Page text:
Probablistic seismic hazard analysis is the process of determining the probability of ground shaking intensity at a site. Many factors contribute to this process but they reduce to four important contributors; the proximity to faults, the size of the earthquakes that can be generated by these nearby faults (and how often they occur), the resulting base-level ground motion at the site, and the effects of local site conditions.
ST-RISK™ analyzes all "possible" events that can effect a site. Each event is assigned a probability of occurrence. If the effects of all events are aggregated, the hazard can be determined, that is, the probability that a ground motion intensity (A) will be exceeded. The hazard measures the likelihood that a building will encounter certain levels of ground shaking. The risk to the building then represents a probabilistic measurement of the hazard and the building's response to certain levels of shaking, or damage. Damage can then be translated into financial loss to the owner, casualty to occupants, operational loss to a business (including loss of market share), and other losses. ST-RISK™ considers financial losses from direct damage to the structure and from loss of business revenue.
ST-RISK™ bases its seismic hazard calculation on regional seismic models. In the USA, the calculations are based on the USGS 2008 National Seismic Hazard Map seismic model, and uses the same methodology and interpretations as used by California Division of Mines and Geology (CDMG) and the United States Geological Survey (USGS). In Canada, the calculations are based on the 2005 Geological Survey of Canada seismic model. In other areas, ST-RISK™ uses recent proprietary seismic models developed by Fugro Consultants, Inc.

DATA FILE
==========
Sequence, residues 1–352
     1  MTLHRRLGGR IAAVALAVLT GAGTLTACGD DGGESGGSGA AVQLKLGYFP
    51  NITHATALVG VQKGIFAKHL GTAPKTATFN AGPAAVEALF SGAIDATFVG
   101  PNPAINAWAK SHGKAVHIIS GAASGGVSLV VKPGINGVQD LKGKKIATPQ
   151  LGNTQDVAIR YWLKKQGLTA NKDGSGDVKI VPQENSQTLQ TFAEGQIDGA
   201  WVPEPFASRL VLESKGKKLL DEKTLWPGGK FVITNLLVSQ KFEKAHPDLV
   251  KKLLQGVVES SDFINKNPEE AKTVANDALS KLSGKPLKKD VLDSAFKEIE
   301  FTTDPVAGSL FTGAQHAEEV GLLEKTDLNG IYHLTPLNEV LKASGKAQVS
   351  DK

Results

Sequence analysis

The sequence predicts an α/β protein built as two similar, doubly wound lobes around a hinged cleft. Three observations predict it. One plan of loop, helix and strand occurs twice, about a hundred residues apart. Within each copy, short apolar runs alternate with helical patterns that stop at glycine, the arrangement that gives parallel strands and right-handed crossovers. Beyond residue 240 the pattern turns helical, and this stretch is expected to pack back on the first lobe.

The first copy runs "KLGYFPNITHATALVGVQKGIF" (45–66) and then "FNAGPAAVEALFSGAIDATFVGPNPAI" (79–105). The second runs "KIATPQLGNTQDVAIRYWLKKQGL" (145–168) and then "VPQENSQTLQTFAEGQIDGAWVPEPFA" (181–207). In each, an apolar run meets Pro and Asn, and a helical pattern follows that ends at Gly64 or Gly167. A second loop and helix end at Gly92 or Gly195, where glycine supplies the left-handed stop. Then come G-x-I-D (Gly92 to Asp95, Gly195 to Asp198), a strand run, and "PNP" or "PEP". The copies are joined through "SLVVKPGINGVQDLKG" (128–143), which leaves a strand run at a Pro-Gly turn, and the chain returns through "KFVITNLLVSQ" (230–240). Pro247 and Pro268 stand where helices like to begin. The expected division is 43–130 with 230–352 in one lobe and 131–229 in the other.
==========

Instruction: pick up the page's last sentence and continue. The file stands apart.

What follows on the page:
ST-RISK™ uses fault sources, area seismic sources (also know as seismic zones), and variable seismicity background sources. The background source represents all events that can occur where faults are not known to exist. Using this methodology ST-RISK™ accounts for "unexpected" earthquakes.
To check the level of shaking that is possible you can take a look at the spectral response curve generated by the program. This curve indicates the ground shaking amplitudes that are predicted at user-specified return periods.
ST-RISK™ can determine the NEHRP soil category for any site providing a reasonable estimate of the likely soil conditions at the site. In California, maps distributed by the CDMG are used. No regional database is error-free, however ST-RISK™ allows you to override the default soil condition if you have more accurate geotechnical information. Liquefaction maps for the San Francisco Bay area and Los Angeles are utilized by ST-RISK™ to determine the susceptibility to liquefaction.
Given the soil conditions, ST-RISK™ applies soil amplification measures based on the NEHRP recommendations. NEHRP provides amplification factors for only two periods, therefore ST-RISK™ contains supplemental factors for other periods based on our expertise and past experience. These amplification factors are vitally important to assessing the overall site-specific hazard, and having them resident within the program makes the calculation of site-specific spectra straightforward for the ST-RISK™ user.